About Secure Boot

If your Mac includes the Apple T2 chip, you can use Secure Boot to make sure that only a legitimate, trusted operating system loads at startup.

Available only on Mac computers that have the Apple T2 chip, Secure Boot offers three settings to make sure that your Mac always starts up from a legitimate, trusted Mac operating system or Microsoft Windows operating system: Full Security, Medium Security, and No Security.

Secure Boot settings are available in Startup Security Utility:

  1. Turn on your Mac, then press and hold Command (⌘)-R immediately after you see the Apple logo to start up from macOS Recovery.
  2. When you see the macOS Utilities window, choose Utilities > Startup Security Utility from the menu bar.
  3. When you're asked to authenticate, click Enter macOS Password, then choose an administrator account and enter its password.

Full Security

Full Security is the default Secure Boot setting, offering the highest level of security. This is a level of security previously available only on iOS devices.

During startup, your Mac verifies the integrity of the operating system (OS) on your startup disk to make sure that it's legitimate. If the OS is unknown or can't be verified as legitimate, your Mac connects to Apple to download the updated integrity information it needs to verify the OS. This information is unique to your Mac, and it ensures that your Mac starts up from an OS that is trusted by Apple.

If FileVault is enabled while your Mac is attempting to download updated integrity information, you're asked to enter a password to unlock the disk. Enter your administrator password, then click Unlock to complete the download.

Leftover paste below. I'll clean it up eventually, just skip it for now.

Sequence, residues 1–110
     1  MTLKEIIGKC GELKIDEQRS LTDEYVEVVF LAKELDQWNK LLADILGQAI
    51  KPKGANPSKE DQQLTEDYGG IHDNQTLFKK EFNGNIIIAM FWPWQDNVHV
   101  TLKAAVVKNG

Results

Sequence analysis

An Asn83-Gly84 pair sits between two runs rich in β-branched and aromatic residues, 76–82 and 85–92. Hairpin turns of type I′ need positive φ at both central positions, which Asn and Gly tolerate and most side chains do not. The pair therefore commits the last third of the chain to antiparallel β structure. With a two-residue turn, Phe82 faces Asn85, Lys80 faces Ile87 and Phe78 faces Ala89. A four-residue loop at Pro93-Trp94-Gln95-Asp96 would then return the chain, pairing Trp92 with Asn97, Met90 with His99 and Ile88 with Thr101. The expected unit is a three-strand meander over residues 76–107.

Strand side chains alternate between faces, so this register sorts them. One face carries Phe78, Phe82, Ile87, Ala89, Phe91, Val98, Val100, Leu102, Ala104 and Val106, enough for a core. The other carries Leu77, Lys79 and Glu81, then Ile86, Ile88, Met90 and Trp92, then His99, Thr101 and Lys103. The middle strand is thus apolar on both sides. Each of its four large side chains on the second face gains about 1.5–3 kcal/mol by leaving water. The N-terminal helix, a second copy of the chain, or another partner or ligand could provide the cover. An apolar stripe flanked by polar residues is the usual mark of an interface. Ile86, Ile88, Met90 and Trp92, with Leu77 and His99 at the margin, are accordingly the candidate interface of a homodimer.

If the OS doesn't pass verification:

  • macOS: An alert informs you that a software update is required to use this startup disk. Click Update to open the macOS installer, which you can use to reinstall macOS on the startup disk. Or click Startup Disk and choose a different startup disk, which your Mac will also attempt to verify.
  • Windows: An alert informs you that you need to install windows with Boot Camp Assistant.

If your Mac can't connect to the Internet, it displays an alert that an Internet connection is required.

  • Check your Internet connection, such as by choosing an an active network from Wi-Fi status menu  in the menu bar. Then click Try Again.
  • Or click Startup Disk and choose a different startup disk.
  • Or use Startup Security Utility to lower the security level to Medium Security.

Medium Security

During startup when Medium Security is turned on, your Mac verifies the OS on your startup disk only by making sure that it has been properly signed by Apple (macOS) or Microsoft (Windows). This doesn't require an Internet connection or updated integrity information from Apple, so it doesn't prevent your Mac from using an OS that is no longer trusted by Apple.

If the OS doesn't pass verification:

  • macOS: An alert informs you that a software update is required to use this startup disk. Click Update to open the macOS installer, which you can use to reinstall macOS on the startup disk. This requires an Internet connection. Or click Startup Disk and choose a different startup disk, which your Mac will also attempt to verify.
  • Windows: An alert informs you that you need to install windows with Boot Camp Assistant.

No Security

The No Security setting doesn't enforce any of the above security requirements for your startup disk.

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